The dynamics of salvation, in Edwards's hands, were designed to address two alternative schemes present in the age. First there were those revivalist interlopers who generated "human" means for universal, instantaneous conversion experiences, and then there were those Congregationalist communities that were offering halfway (or more) status to the children of church members and, later, to others, when church membership had formerly been reserved for those "visibly" elected by God, those who had experienced the grace that made both faith in arid consent to God possible. Although himself a revivalist, Edwards could not abide the former, the cheap grace they expounded in vulgarly emotive terms being for him a slur on God's predestinatory scheme and a scandal to authentic faith. With respect to those closer to home, he feared conquest by the Arminian view of the human capacity to choose grace. For him in answer to both alternatives, the fundamental requirement was a faith that suddenly or gradually permitted the human heart to know and love God, but this justifying faith, he insists throughout his writings, comes only after God's grace, which itself is not earned or chosen but bestowed by God on those sinners he has elected. For Edwards, the salvific plan could not but occur under the executive principle of God's sovereignty.
Faith and Virtue
Even if he fought against the excesses of revivalist emotionalism, Jonathan Edwards was nonetheless committed to renew the emphasis on "emotion" in the processes of the regeneration of human spiritual existence. For those sinners elected by God to receive grace, a grace they could neither choose nor resist, it was by means of the "affections" that God turned the heart toward the horizon of authentic faith. In works like the majestic Treatise Concerning the Religious Affections, like the studied autobiography of the "Personal Narrative," and like the Narrative of Surprising Conversions, Edwards took great pains to isolate and emphasize the intuitive, emotive, suasive nature of God's actions upon the hearts of those who would be redeemed, and in this effort to distinguish the true marks of the "religious affections" from those counterfeit emotions stirred up by extremists among the revival preachers, he put his own unique stamp on a theological legacy he thought was turning overly rationalist and legalistic.
In restoring the emotional to religion, Edwards was not interested in the excesses of exuberant expression, except as these revealed the cheapened enthusiasms he sought to resist. Edwards maintains that, within the framework of election and grace, those redeemed would pass through an inward and heartfelt experience that would turn the sinner toward God, prepare the heart for the reception of grace, and ultimately enable that faith eventuating in an intuitive knowledge of God. This experience occurs in the domain of the affections--in the sphere of inward sensibility--as the person undergoes the preparation of his heart for the redemption of his spiritual nature. The creature first suffers the sensations of his own sinful nature (what Thomas Hooker had called "a true sight of sin") and the contingent nature of his life. This is followed with an apprehension by way of natural and biblical revelation of the whelming sense of God's beauty, power, and majesty, an understanding felt now, as never before, by "the r easons of the heart." Such a deepened persuasion teaches, far past mere cognitive assent, the inward convictions of man's dependency and the necessity of grace as the soul is penetrated by a divine light, itself finally illuminating the soul with the fullest "knowledge" of and faith in God the human being can obtain. Thus, beginning with and ending in the sovereign God, the regenerative process in its way replicates God's purposes in creating the world: An emanation stemming from God arrives for the creature who, returning in faith to God, sends a glorifying remanation back to the divine source.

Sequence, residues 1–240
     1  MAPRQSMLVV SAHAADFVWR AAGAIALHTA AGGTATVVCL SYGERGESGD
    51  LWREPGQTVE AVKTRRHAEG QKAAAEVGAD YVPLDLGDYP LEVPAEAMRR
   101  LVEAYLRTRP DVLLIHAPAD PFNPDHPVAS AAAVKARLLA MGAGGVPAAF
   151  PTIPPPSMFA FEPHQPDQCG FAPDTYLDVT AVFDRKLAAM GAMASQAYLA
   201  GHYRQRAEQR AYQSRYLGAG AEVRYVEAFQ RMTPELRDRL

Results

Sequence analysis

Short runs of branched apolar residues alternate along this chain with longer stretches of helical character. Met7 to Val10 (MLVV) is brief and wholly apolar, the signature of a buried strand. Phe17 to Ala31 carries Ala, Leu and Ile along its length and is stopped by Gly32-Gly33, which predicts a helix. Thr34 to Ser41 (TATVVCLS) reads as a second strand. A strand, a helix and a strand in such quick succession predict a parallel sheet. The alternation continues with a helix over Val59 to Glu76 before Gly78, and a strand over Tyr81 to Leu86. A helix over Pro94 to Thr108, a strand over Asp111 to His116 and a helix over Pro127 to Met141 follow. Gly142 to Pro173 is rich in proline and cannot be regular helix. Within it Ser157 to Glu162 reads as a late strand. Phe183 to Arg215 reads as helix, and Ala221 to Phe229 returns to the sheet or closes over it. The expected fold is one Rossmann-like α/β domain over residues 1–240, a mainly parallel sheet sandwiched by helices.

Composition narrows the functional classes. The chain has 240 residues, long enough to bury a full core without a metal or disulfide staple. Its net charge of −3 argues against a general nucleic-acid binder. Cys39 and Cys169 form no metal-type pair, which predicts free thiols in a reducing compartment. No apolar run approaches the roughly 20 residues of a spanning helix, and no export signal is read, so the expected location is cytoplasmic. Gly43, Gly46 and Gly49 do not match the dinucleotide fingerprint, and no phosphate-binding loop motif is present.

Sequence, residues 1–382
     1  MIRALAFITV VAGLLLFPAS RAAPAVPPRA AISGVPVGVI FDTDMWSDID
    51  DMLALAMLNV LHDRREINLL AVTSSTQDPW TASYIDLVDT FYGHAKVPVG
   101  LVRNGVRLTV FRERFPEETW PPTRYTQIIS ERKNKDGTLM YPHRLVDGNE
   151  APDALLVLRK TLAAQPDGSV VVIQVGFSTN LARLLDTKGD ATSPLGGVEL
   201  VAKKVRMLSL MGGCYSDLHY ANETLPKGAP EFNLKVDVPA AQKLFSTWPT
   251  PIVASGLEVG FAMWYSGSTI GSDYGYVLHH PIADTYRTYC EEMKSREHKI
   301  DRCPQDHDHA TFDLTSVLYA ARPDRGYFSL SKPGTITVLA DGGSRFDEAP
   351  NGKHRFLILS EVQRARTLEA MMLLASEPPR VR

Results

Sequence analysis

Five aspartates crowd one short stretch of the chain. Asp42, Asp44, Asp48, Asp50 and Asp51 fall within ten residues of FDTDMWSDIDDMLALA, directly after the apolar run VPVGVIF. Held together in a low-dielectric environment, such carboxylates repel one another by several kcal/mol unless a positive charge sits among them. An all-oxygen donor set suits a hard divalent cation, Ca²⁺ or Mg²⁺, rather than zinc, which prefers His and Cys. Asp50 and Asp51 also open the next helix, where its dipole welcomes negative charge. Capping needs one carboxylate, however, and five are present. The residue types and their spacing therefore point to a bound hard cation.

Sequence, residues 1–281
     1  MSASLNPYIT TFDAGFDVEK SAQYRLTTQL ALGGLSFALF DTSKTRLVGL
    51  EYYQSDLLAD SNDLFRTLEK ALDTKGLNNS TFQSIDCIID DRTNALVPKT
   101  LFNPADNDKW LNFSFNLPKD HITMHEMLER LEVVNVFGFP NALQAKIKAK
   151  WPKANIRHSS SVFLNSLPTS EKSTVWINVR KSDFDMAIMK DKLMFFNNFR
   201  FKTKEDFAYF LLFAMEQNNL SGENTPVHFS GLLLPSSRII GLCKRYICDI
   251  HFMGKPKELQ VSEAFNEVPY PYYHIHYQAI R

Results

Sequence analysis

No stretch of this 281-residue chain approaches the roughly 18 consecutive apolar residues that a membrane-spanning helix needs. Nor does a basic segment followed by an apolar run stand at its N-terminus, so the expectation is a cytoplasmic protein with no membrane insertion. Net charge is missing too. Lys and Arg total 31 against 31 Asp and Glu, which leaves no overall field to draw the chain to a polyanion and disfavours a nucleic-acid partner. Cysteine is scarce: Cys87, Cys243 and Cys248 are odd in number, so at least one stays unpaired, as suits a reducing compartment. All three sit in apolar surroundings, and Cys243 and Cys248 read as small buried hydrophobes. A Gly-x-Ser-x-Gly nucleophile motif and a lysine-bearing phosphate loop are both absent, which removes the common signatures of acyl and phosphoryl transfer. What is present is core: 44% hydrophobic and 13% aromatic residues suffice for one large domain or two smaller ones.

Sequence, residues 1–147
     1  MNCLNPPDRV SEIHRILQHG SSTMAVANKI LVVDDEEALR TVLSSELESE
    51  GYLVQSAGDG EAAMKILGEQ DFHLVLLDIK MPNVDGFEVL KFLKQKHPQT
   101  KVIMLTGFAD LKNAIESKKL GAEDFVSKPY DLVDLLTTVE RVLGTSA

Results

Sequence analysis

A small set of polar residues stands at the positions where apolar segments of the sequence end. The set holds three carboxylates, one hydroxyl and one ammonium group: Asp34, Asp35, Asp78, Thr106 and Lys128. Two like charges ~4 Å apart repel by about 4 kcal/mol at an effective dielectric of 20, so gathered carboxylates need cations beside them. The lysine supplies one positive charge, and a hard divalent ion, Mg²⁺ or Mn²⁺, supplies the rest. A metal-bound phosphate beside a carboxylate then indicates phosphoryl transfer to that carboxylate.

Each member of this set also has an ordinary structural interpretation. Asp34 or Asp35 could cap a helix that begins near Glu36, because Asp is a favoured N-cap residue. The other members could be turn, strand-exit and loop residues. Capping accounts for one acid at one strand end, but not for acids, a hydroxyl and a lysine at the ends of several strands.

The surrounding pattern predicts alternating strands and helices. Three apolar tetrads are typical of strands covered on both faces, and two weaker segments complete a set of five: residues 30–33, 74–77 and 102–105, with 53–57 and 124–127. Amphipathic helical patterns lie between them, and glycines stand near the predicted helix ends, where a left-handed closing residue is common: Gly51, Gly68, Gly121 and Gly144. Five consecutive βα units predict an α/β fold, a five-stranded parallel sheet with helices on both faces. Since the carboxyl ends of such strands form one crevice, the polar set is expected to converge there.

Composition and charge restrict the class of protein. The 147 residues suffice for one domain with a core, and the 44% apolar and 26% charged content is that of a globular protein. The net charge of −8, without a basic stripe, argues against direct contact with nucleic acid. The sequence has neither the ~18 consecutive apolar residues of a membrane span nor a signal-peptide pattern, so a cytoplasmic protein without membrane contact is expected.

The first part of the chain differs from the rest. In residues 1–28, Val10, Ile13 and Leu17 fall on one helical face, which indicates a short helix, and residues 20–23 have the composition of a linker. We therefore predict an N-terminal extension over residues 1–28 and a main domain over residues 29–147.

As God's grace makes redeeming faith possible, so too does "the nature of true virtue" operate within the framework of this sovereign system of divine being. The regenerate heart, the redeemed spiritual principle gained in and through the religious affections, also enlivens renewed moral capacity in the human being. But this heightened moral existence must be understood, Edwards thinks, less as right deeds than as an inner disposition of the soul toward the ultimate goodness of divine being, a beautiful harmony of human life with divine life. While authentic faith provides the fullest possible knowledge of God, true virtue consists in the participation of the redeemed heart in the goodness of the God-created world or, as Edwards put it, "in the consent of [human] being to Being itself." As always for Edwards, the whole matter of life is from God, for God, with God, to God-the purpose for which the created order stands,
In addressing the religious issues and alternatives of his day, then, Jonathan Edwards brought to the Protestant tradition in America a theological and philosophical subtlety altogether rare in the history of Christian thought. His powerful and distinct quality of mind, conditioned by a sustaining faith, secures his place in the annals of religious thought, even as his disciples (notably Samuel Hopkins) were finally unable to work at the same capacious level of intellectual control or with the same degree of nuance and refinement. Strong currents of religious and cultural opinion would quickly erode the credibility of Edwards's system in a culture obviously following a different channel. Nonetheless, for those who pursue viable accounts of the experiential character of religious life, of the psychology of faith, or of the ecology of religious perception, Jonathan Edwards remains a rich resource.
Carse, James. Jonathan Edwards and the Visibility of God. New York: Charles Scribner's Sons, 1967. In this brief monograph, Carse concentrates on Edwards's interpretations of the forms and means of God's revelation of himself in history and nature.
Cherry, Conrad. The Theology of Jonathan Edwards: A Reappraisal. Bloomington and Indianapolis: Indiana University Press, 1990. Published originally in 1966, this critical study, emphasizing the ways Edwards took up large "public" issues of religious thought, remains the most astute, patiently reasoned, and thorough treatment of Edwards's work.
Delattre, Roland A. Beauty and Sensibility in the Thought of Jonathan Edwards. New Haven: Yale University Press, 1968. An inquiry into Edwards's moral thought, this study argues that Edwards presents a religious ethics that cannot be understood apart from the aesthetic dimensions of his theology.
Miller, Perry. Jonathan Edwards. New York: Meridian Books, 1959. Published originally in 1949, this work, by a leading authority on the New England mind, helped to initiate the contemporary critical study of Edwards as a figure in the canon of American letters.
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|Author:||SHERRILL, ROWLAND A.|
|Publication:||Great Thinkers of the Western World|
|Date:||Jan 1, 1999|
|Next Article:||DAVID HUME.|